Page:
In the case study vein, Murray, Boon, and Touyz (2013) present two case studies of trans women, both of whom met diagnostic criteria for eating disorders. The authors discuss how these two patients endorsed feminine and masculine gender identities at different times in their lives, and how these differing orientations toward gender altered their perceptions of their bodies and, ultimately, their eating disordered behaviour.
The first case study presents a 23-year-old patient diagnosed with anorexia nervosa (AN). When this individual identified with a female gender, they expressed a preference for a thin female body. Accordingly, they scored high on measures of drive for thinness and engaged in body excessive exercise and restriction in order to lose weight. They also found that occupying an emaciated body helped them to cope with their inability to bear children.
When this patient endorsed a preference for a male gender identity, they preferred a bulky, muscular body, and oriented their eating and exercise behaviours around the pursuit of muscle gain. Most interestingly, the patient experienced an equal degree of body distress and dissatisfaction regardless of gender orientation.
In the second case study, the authors present details about a 24-year-old patient diagnosed with bulimia nervosa (BN). This individual had a history of discomfort around both sexual orientation and identity, finding that endorsing a female gender helped to alleviated discomfort they experienced related to homosexuality. They also adopted both a masculine and a feminine gender at various points in time, endorsing a muscular ideal and thin ideal, respectively.
Using both of these cases as a framework, the authors suggest that more research specifically focuses on the links between gender identity, body image and eating disorders.
It is pretty interesting that both of these patients identified with feminine and masculine gender identities at different points in their lives. This not only highlights the fluid nature of gender identity, but complicates the gender binaries we place on individuals in our society.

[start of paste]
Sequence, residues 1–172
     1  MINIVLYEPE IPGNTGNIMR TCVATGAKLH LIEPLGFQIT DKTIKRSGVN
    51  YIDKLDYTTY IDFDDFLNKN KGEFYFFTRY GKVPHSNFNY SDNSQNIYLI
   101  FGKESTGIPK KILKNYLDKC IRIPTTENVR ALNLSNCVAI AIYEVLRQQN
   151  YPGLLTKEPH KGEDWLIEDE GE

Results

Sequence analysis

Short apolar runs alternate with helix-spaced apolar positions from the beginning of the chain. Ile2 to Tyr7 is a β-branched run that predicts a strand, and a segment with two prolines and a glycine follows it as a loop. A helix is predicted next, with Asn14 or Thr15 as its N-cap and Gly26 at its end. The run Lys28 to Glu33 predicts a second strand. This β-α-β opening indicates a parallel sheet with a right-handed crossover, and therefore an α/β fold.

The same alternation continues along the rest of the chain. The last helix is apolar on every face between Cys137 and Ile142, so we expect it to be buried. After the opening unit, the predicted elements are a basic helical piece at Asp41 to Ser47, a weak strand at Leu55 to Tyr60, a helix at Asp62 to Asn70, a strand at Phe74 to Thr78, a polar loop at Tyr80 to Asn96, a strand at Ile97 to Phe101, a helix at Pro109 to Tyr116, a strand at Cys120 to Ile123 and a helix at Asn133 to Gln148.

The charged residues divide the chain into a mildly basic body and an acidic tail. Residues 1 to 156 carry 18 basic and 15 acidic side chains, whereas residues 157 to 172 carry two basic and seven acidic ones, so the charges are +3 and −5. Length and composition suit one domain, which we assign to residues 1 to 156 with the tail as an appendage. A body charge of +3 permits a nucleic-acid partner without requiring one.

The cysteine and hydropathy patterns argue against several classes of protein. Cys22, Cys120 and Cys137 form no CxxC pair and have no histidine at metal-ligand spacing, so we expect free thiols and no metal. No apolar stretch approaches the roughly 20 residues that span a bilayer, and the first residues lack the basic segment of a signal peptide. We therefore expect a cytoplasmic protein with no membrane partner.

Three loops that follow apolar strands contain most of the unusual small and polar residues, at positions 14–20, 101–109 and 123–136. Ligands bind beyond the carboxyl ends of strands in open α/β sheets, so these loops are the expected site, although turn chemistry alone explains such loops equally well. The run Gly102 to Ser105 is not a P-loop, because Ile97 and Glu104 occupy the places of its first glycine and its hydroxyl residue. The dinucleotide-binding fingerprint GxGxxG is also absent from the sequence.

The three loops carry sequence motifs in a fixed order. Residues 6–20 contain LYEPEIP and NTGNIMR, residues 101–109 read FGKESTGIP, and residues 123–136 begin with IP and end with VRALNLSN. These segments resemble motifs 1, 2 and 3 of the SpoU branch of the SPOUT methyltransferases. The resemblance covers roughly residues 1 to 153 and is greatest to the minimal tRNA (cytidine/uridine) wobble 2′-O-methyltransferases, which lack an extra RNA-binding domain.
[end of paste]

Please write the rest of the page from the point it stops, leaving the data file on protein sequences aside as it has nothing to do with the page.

This article begins to scratch the surface of the complicated relationship between gender identity and eating disorders. It builds, too, on an increased interest in how eating disorders manifest in “biological males,” whether or not they are transgender. The recognition that body dissatisfaction is not always tied up with a desire for thinness is certainly of note; drive for muscularity seems to have contributed to both patients’ body dissatisfaction.
The particular relationship between gender identity and eating disorder symptoms also bears further exploration, as the authors acknowledge. While we could make the more simplistic assumption that trans men may engage in disordered eating to suppress secondary sex characteristics while trans women desire to lose weight in order conform to feminine body ideals, there seems to be more to the picture than that.
It may well be that some trans individuals desire to become the “hyper feminine” or “hyper masculine.” However, these explanations hinge heavily on the assumption that body image has the most influence on the development of eating disorders. We cannot overlook other potential contributors, such as depression, anxiety, and trauma, and other factors. Is engaging in eating disorders a way of managing depression and anxiety symptoms, or of coping with living in a gender binarized society?
Murray, S. B., Boon, E., & Touyz, S.W. (2013). Diverging eating psychopathology in transgendered eating disorder patients: a report of two cases. Eating Disorders, 21 (1), 70-4 PMID: 23241091